Call Me Star Girl by Louise Beech

I’m delighted to be on the blog tour today for Call Me Star Girl by Louise Beech. My thanks go to Anne Cater and Orenda Books for inviting me along to take part.

This is the first novel I’ve read by Louise Beech, and it abso-flipping-lutely will not be the last. I found Call Me Star Girl to be utterly unputdownable, and as a trying-hard-to-be-a writer myself, I was completely captivated by her writing style. I was drawn in incredibly quickly and I felt as if I was on a very dark rollercoaster; my emotions toyed with, my train of thought jarred and looped at will. I loved it!

The plot had me instantly. An unsolved murder of a pregnant girl, a runaway mother, an abandoned daughter, a gorgeous perfume bottle, a mystery caller, all consuming love and oh, so many secrets tumbling forth. It all comes to a head one night when Stella, a local radio DJ takes to the airwaves to deliver her final show; the theme of which is ‘secrets’.

The structure of the story provided the perfect pacing, with huge gasp reveals spaced out with chapters from the point of view of either Stella or her Mum, Elizabeth, which focus the reader in either the present day or the past. The writing is incredibly tight, there isn’t a single word wasted, and as such I devoured the novel. I hope that some day I can write this well (actually, I’ll take half as well!)

I also loved that the writing is incredibly atmospheric. Rightly or wrongly, at times I had mind’s eye visions of werewolves lurking on the periphery of the city streets in old black and white films, of Heathcliff and attics; all that is incredibly dark and gothic. The writing took me to those places, gave me those visions and that sense through it’s striking imagery.

The other very clear theme running throughout this novel is the idea of motherhood. Elizabeth abandons her daughter, and the scenes where Stella is coming to terms with this are heartbreaking, and the devastation from this betrayal echoes down the years to present day. The thread of love, mothers and daughters is pulled and played with at length, and there was so much in this that I found inspiring for some of my own work.

I’m envious of everyone who has yet to read this, and I cannot recommend more highly that you do! I, for one will now be moving Louise’s earlier novels as close to the top of my tbr as I can possibly manage!

Synopsis

Tonight is the night for secrets…

Pregnant Victoria Valbon was brutally murdered in an alley three weeks ago – and her killer hasn’t been caught. Tonight is Stella McKeever’s final radio show. The theme is secrets. You tell her yours, and she’ll share some of hers. Stella might tell you about Tom, a boyfriend who likes to play games, about the mother who abandoned her, now back after twelve years. She might tell you about the perfume bottle with the star-shaped stopper, or about her father … What Stella really wants to know is more about the mysterious man calling the station … who says he knows who killed Victoria, and has proof. Tonight is the night for secrets, and Stella wants to know everything…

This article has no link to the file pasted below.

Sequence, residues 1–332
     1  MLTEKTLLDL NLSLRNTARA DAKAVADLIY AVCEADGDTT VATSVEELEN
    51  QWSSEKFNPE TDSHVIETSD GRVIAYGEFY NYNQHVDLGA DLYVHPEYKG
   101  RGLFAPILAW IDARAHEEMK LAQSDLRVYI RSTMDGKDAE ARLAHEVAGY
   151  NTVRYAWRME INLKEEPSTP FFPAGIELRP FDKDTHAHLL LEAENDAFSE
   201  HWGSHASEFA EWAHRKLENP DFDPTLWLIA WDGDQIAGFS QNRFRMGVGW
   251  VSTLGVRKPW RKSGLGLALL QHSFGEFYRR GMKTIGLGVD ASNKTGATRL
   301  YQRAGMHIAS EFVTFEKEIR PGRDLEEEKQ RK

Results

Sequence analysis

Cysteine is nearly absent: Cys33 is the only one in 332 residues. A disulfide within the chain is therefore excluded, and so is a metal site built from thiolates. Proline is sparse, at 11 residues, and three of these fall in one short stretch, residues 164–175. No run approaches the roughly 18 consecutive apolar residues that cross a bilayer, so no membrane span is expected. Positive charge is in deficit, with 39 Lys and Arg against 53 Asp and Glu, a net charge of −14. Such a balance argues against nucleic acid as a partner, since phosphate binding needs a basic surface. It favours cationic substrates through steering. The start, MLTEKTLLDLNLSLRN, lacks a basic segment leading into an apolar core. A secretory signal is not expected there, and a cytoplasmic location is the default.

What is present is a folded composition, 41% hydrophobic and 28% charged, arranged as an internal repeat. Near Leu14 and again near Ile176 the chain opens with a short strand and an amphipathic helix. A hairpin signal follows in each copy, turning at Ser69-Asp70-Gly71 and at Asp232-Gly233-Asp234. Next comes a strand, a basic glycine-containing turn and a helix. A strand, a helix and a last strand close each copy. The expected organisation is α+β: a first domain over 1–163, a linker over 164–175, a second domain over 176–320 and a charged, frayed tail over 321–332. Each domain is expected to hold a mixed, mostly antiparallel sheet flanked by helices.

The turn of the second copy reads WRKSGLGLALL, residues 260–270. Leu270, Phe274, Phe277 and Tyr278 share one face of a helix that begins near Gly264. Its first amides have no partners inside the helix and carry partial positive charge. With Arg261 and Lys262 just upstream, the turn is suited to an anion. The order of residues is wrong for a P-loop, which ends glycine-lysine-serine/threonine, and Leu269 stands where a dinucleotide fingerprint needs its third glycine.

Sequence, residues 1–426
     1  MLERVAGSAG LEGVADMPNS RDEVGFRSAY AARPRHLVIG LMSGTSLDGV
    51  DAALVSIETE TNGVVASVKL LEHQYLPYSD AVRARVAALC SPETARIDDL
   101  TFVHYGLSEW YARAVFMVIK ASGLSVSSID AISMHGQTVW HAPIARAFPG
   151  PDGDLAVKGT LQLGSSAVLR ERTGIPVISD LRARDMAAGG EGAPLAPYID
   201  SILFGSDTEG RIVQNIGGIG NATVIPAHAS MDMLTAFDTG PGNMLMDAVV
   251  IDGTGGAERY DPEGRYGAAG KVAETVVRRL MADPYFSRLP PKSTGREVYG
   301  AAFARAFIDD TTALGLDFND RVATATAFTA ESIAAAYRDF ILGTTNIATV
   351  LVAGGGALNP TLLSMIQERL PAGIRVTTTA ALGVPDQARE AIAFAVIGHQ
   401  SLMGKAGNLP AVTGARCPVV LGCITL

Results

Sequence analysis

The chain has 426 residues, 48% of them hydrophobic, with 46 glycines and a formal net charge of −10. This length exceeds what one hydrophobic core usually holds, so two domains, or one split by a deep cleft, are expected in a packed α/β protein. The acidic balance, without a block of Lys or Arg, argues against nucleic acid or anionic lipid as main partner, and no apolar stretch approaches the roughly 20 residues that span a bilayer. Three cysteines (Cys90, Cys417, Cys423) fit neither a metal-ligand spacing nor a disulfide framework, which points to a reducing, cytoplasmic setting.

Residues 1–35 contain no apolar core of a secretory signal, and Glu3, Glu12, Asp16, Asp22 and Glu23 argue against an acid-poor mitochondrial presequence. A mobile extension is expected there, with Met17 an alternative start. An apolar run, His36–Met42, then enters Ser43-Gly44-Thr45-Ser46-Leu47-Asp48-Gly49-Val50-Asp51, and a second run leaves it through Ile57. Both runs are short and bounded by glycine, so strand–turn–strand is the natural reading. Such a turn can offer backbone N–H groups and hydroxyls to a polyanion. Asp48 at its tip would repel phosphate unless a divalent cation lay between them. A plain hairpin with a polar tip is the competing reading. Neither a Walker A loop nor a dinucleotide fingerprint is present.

With echoes of the chilling Play Misty for Me, Call Me Star Girl is a taut, emotive and all-consuming psychological thriller that plays on our deepest fears, providing a stark reminder that stirring up dark secrets from the past can be deadly…

About the Author

Louise Beech is an exceptional literary talent, whose debut novel How To Be Brave was a Guardian Readers’ Choice for 2015. The follow-up, The Mountain in My Shoe was shortlisted for Not the Booker Prize. Both of her previous books Maria in the Moon and The Lion Tamer Who Lost were widely reviewed, critically acclaimed and number-one bestsellers on Kindle. The Lion Tamer Who Lost was shortlisted for the RNA Most Popular Romantic Novel Award in 2019. Her short fiction has won the Glass Woman Prize, the Eric Hoffer Award for Prose, and the Aesthetica Creative Works competition, as well as shortlisting for the Bridport Prize twice. Louise lives with her husband on the outskirts of Hull, and loves her job as a Front of House Usher at Hull Truck Theatre, where her first play was performed in 2012.

*I was provided with a copy of Call Me Star Girl, however the decision to read was my own and this review forms my honest opinion.

4 thoughts on “Call Me Star Girl by Louise Beech

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